retirement money

We’ve all heard the old adage. “Whatever you do, don’t touch your retirement funds.” But what does that mean? Can’t all of the funds on your personal balance sheet be considered retirement funds?

Isn’t All Money Potentially Retirement Money?

We’ve all heard the old adage. “Whatever you do, don’t touch your retirement funds.” But what does that mean? Can’t all of the funds on your personal balance sheet be considered retirement funds?

Retirement planning is broadly defined as the process of determining retirement income goals and the actions and decisions necessary to achieve those goals. If you work diligently to grow your business with the goal of building wealth for your retirement, wouldn’t that be a prudent investment?

The primary difference between money in your 401(k) or IRA – and cash in your checking account, savings account, or securities portfolio – is that the money in a retirement account is pre-tax (unless it is a Roth IRA). Contrary to popular belief, you can access those pre-tax retirement funds to invest in your own business, without incurring any penalties.

The Employee Retirement Income Security Act of 1974 (ERISA) is a federal law that sets minimum standards for most voluntarily established retirement and health plans in private industry. This is to protect individuals who hold these plans. This act formed the basis of the program that the Internal Revenue Service refers to as ROBS, or Rollover For Business Start-Up.

In the simplest terms, ROBS allows an individual to buy stock in their own C corporation, using funds from a qualified 401(k) or IRA. At the conclusion of this transaction, the newly established 401(k), which is sponsored by the newly created C corporation, has shares of stock equal to the value of the investment. The corporation’s checking account has cash which may be used for any legitimate business expense.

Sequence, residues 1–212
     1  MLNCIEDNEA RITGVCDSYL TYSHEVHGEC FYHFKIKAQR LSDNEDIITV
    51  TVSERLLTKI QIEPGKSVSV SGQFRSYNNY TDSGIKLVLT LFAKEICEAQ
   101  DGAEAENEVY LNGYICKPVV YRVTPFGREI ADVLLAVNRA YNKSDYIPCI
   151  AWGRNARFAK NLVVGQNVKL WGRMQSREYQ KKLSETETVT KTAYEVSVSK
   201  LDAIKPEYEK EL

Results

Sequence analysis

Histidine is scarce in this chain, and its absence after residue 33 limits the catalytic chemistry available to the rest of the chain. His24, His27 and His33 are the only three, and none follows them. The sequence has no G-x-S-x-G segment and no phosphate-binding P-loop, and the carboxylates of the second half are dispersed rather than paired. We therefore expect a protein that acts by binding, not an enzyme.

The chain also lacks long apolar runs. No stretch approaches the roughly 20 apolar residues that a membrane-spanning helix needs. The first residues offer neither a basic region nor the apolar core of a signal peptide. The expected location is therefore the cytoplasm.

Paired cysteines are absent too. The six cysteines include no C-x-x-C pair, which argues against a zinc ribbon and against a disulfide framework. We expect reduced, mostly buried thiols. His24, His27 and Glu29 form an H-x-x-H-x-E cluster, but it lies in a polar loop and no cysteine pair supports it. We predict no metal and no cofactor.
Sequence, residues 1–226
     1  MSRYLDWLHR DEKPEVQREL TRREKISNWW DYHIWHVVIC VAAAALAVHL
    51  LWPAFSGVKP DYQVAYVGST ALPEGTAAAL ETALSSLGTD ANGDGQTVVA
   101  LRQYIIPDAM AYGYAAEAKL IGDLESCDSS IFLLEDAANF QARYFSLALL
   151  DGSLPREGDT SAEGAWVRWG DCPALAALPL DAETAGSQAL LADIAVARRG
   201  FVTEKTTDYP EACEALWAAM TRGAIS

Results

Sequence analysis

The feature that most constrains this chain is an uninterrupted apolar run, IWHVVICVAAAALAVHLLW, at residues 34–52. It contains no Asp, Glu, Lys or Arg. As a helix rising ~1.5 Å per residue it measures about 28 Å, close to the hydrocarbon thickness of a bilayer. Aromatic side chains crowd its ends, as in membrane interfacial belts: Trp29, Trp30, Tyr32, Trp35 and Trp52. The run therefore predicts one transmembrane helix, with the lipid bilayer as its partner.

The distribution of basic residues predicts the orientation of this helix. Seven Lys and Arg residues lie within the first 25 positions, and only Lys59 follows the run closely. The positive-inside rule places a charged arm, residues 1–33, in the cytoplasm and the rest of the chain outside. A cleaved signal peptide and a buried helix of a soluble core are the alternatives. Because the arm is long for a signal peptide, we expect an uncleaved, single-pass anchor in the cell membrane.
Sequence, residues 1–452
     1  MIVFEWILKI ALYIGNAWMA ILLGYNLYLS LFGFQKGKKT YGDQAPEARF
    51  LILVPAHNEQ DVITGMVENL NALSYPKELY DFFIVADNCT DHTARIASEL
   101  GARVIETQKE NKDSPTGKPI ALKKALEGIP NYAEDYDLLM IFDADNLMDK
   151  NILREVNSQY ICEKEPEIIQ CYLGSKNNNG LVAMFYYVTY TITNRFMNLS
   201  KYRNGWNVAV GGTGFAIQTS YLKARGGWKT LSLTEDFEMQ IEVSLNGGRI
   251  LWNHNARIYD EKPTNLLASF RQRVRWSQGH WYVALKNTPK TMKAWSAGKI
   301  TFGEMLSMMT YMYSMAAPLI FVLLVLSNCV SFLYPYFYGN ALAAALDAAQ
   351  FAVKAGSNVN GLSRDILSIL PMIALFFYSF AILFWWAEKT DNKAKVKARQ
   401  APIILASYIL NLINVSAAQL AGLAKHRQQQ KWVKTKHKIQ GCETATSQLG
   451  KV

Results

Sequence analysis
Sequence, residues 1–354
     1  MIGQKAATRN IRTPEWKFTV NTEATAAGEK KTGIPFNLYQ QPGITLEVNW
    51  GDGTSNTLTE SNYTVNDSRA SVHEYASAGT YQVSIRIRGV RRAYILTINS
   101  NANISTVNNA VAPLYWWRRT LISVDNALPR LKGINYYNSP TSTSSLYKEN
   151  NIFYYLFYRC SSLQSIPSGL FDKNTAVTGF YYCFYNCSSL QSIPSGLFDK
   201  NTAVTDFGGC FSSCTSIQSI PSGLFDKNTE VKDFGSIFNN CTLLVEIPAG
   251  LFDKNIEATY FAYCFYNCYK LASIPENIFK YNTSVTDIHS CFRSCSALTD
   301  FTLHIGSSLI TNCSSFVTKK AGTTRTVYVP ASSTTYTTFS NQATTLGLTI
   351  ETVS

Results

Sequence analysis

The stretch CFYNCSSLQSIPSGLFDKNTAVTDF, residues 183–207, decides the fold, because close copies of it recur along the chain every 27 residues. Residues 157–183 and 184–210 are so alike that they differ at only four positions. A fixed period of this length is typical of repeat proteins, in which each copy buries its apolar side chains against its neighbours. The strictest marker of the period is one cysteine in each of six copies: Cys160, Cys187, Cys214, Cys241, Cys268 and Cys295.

Let’s examine an analogy. When you buy stock in a publicly traded corporation, such as Apple, you own those shares of stock. You hope that Apple is using that money to grow the value of those shares. If you’ve purchased shares within your own retirement account, the same principle applies, with the major difference being that you are in the driver’s seat. When you sell those shares, the original investment plus your returns will go back into your retirement account.

Taxes are paid when you ultimately take distributions from that account. The IRS allows penalty-free distributions after the age of 59 1/2 and requires mandatory distributions beginning at age 70 1/2. If you use a ROBS transaction to purchase your franchise, the same process applies.

retirement money

ROBS is a serious business endeavor and is not a green light to use retirement funds to maintain a lifestyle, purchase a luxury car, or take a trip around the world; reckless purchases are probably responsible for the oft-repeated advice to not touch your retirement funds. However, taking advantage of your full, pre-tax retirement monies to invest in your own business is a great way to grow your portfolio.

Many successful franchises are fully funded by ROBS transactions, and many more are funded using retirement funds as equity injections for larger SBA loans. Using such tools can be both a responsible and lucrative investment, as well as a great way to grow your retirement funds.

FranFund: FranFund designs flexible funding plans that help new and experience business owners fund their franchises. We have a powerful and accurate pre-approval process. Our former bankers analyze a candidate’s financial situation the same way a lender would, and we have a 99% success rate in obtaining loans for borrowers who received FranFund pre-approval! We offer ongoing support and make sure our clients know all of their options for funding single units through multi-unit expansions including SBA loans, conventional lending, and retirement plan funding with a risk-free SafetyNet® option. For more information, contact Sherri Seiber: